THE BLOG
10/01/2013 10:15 am ET | Updated Jan 23, 2014

Be Fearless: Conquer Your Fear of Flying

Many patients see me for help conquering their fear of flying. This fear, unlike other fears, can be difficult to avoid. As a result, the impact on people is significant. I've had patients who have fits of vomiting days before their anticipated flight and I've known others who load up on anti-anxiety medications to calm down before the flight. This fear, if left untreated, can have a profound impact on people, as they may avoid vacations and business trips. This can affect a person's career and even their relationships. The good news is this fear is treatable. I recently had the opportunity to speak with Captain Tom Bunn, one of the world's foremost experts on fear of flying. What's unique about Captain Bunn is he isn't just an airline captain, but also a licensed psychotherapist and former Air Force jet fighter. His unique approach to treating fear of flying has helped over 10,000 formerly-anxious flyers and can be found in his new book SOAR: The Breakthrough Treatment for Fear of Flying.

Here's some of my conversation with Captain Bunn:

How did you become such a fearless pilot?
In the Air Force I flew the F-100. It was the Air Force's first supersonic jet fighter. It was not a safe airplane. One-third of the F-100s built crashed. Over 300 Air Force pilots were killed flying this plane. Anyone who flew the F-100 and wasn't afraid of it obviously didn't understand the problem. Much of what is in my fear of flying program and book was learned dealing with the fear of flying an unsafe plane. Writer Tom Wolfe called this ability to face danger and keep a cool head "the right stuff." What I hope to do is give readers enough of "the right stuff" -- not to be an astronaut or a fighter pilot, but enough to face the very small risk posed by flying a modern jetliner.

What is fear of flying?

Fear of flying is about uncertainty. This uncertainty takes two forms, physical and emotional. On one hand, will the plane crash? On the other hand, will I have a panic attack? Uncertainty leads to "what ifs." What if the wing falls off? What if the mechanic didn't tighten a bolt? What if I lose control and do something crazy? What if I have a heart attack? In the anxious flier's mind, too many things can go wrong, and if anything goes wrong, they are doomed.

Where does it come from?

It has a lot to do with growing up. When we go out as teenagers, our mom tells us to be careful; we think she is from some other planet. What could go wrong? But, in our 20s, we become more aware of risk and vulnerability. When we realize something awful could happen, being in control becomes important. And, if being in control doesn't guarantee our safety, we want some means of escape as a backup. This is where the airline passenger runs into trouble. Passengers have no control; nor is escape available at 30,000 feet. As a person starts to board, a heightened awareness that they are about to give up control and escape can make it impossible for them to get on the plane. Sometimes this awareness increases after a bad flight. But just as often, it comes out of the blue.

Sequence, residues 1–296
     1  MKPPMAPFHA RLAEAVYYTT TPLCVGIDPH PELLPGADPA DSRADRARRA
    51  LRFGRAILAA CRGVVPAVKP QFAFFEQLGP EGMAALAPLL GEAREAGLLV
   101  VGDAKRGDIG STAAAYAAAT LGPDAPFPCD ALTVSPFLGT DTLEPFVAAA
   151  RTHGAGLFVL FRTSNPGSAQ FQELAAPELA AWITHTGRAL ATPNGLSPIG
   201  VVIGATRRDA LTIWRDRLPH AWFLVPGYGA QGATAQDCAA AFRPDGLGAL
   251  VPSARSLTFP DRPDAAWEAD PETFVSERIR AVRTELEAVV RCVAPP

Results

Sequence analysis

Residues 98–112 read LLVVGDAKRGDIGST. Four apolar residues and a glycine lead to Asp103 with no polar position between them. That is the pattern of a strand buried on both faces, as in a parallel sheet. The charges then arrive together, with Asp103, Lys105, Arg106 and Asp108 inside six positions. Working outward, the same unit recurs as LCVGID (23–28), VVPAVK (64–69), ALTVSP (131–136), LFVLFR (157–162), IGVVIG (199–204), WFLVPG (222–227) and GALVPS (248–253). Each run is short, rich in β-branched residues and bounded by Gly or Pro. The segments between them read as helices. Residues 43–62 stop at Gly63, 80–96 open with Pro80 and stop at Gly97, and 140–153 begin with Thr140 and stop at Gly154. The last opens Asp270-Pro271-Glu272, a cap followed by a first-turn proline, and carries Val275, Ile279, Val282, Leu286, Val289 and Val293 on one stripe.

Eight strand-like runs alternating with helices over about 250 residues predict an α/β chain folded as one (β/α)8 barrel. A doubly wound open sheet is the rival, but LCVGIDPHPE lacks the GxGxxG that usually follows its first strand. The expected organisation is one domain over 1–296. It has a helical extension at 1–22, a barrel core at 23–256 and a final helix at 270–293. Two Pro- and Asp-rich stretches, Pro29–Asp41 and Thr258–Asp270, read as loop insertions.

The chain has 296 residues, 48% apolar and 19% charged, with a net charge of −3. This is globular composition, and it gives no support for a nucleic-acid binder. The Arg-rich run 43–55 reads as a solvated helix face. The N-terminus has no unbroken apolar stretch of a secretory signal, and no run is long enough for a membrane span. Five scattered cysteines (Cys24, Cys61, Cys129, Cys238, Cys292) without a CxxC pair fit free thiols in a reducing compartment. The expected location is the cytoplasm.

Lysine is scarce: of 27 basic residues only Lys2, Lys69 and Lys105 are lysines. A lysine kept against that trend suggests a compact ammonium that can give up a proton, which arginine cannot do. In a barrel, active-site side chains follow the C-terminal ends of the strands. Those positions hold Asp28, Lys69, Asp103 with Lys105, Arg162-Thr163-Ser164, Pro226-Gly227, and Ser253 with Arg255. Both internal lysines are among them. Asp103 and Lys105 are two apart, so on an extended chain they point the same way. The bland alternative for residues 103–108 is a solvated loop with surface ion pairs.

People don't want to spend years in therapy and a fortune -- can fear of flying be treated?

Yes, and it doesn't take years of therapy. In fact, most forms of therapy will not help. Fortunately, brain scan research has given us new information about how the brain works. Understanding how emotion is regulated has made it possible to fix problems with flying. It has shown us ways to control anxiety automatically. The feelings people suffer from when flying are caused by an excess of stress hormones. When we stop the stress hormones, we stop the problem. By training the mind not to release stress hormones, we stop the feelings of fear, claustrophobia, and panic when flying. My book has a comprehensive program that helps readers accomplish just this.

What makes you and your book different from others?

Quick and truly effective results. Books by pilots fail to get results because there is more to the problem than knowing flying is safe; feelings still develop when a passenger is not in control or able to get out if they start to panic. Books by psychologists are based on cognitive therapy and relaxation exercises which work on the ground but have their limitations up in the air.

The method in my book helps flyers to control feelings automatically and has been tested by almost 9,000 formerly anxious fliers. It allows them to fly like others do. This is accomplished by leading the anxious flier through the steps that train the mind to ignore what happens on the plane, and to stop releasing stress hormones that cause high anxiety, claustrophobia, and panic.

For more tips on conquering your fear of flying check out Captain Bunn's book Soar: The Breakthrough Treatment for Fear of Flying.

For tips on overcoming fears and achieving success check out my book BE FEARLESS: Change Your Life in 28 Days.